As an example, according to Turner many states have historically kept their domestic violence, child welfare and foster care case managements systems completely separate from each other… primarily because those systems didn’t have sophisticated security models built in. “What that means is they can’t make those links between the child that’s in a foster home and when there’s a domestic violence situation in that same home,” he said.

“That’s probably where more modern systems have a lot more flexibility… around what they can do security wise. So you can control ‘You only have access to certain types of information’ and ‘I have access to certain types’ and ‘Our boss has access to more’,” he said.

“Historically that was extremely difficult to do in some of the older applications, whereas now… software applications are getting much better at being able to filter the information but still allow things to be related together.”

Many federal government departments have long used case management software supplied by Siebel (since acquired by Oracle), as for a long time it was the only software that could handle the concept of one person being involved in multiple cases and having multiple roles within those cases.

The right solution

Case management solutions now exist in as-a-service forms, but “There’s a little bit of fear, historically, with your subscription-type solutions around where is the data going to be kept, who has access to that data and those kind of things,” Turner said. “Especially because historically the SaaS providers have all had their data centres outside of Australia, and the federal government is pretty strict on that.”

He adds that government departments have already made multimillion-dollar investments in their on-premise solutions, and so they sometimes adopt an ‘If it isn’t broken, don’t fix it’ attitude when it comes to moving to solutions supplied by managed service providers.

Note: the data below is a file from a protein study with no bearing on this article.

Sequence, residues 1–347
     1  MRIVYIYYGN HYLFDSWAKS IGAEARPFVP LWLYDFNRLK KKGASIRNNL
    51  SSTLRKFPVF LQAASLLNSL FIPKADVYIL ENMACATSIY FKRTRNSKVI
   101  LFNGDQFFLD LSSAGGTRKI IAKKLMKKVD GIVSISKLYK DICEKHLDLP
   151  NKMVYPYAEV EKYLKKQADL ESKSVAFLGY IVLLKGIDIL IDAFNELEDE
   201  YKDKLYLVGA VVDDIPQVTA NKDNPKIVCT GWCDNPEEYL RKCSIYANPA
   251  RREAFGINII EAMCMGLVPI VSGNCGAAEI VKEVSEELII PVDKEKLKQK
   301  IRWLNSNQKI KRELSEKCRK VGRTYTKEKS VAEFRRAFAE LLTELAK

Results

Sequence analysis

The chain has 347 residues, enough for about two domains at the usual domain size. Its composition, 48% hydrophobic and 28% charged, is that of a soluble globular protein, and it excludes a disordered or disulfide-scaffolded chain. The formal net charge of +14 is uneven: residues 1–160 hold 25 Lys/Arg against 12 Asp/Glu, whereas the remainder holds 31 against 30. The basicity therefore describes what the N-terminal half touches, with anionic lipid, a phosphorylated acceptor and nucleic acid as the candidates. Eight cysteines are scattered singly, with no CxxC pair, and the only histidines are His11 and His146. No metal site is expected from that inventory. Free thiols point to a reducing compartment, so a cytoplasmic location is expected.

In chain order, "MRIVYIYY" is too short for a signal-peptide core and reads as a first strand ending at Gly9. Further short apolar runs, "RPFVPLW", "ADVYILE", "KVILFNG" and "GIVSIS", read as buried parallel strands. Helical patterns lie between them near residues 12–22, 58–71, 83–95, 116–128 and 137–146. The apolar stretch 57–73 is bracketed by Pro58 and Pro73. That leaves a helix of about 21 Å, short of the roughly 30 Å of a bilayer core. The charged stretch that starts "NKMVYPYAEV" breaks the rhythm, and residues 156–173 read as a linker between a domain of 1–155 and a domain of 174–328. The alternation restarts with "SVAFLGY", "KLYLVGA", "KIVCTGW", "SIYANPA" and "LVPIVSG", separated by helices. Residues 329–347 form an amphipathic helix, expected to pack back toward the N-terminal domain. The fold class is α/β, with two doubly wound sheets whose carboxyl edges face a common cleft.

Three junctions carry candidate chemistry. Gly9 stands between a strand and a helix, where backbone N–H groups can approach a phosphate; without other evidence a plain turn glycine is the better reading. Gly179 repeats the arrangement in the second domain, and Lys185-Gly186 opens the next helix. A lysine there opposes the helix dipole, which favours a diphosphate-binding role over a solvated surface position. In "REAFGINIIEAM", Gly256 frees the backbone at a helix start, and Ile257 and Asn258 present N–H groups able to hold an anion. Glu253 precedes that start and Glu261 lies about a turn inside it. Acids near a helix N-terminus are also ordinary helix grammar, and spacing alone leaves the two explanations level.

Added to this is the issue of privacy and the rise of mandatory data breach reporting legislation and GDPR. What effect has this had on governments’ approaches to case management? “It’s made them more aware and it’s made them a little bit more risk averse,” Turner said. “If they’ve got these nice, big on-premise systems sitting there, they’re not at risk of those kinds of data breaches” that might come from outside solutions.

Staying ahead

The need for case management is not confined to health and welfare; Turner said it extends to other areas as well, such as financial services and telecommunications, which can range in complexity from the simple to the intricate. “Stuff like ‘My mobile phone has stopped working’ is pretty simple, but when you get into those ombudsman-type cases then they can become a lot more complex,” he said.

Private enterprise is often seen to be streets ahead of the public sector when it comes to many areas of IT, so is that the case with case management too? “I’d probably argue no, because of the type of things the government needs to do around national security and borders and things like that,” Turner said. The kinds of issues that government departments and agencies have to deal with make it essential that the public sector be on top of its game.

“There’s a little bit more public exposure when they get things wrong, so I’d almost say the government is a little bit ahead,” Turner said.

Image credit: ©stock.adobe.com/au/crevis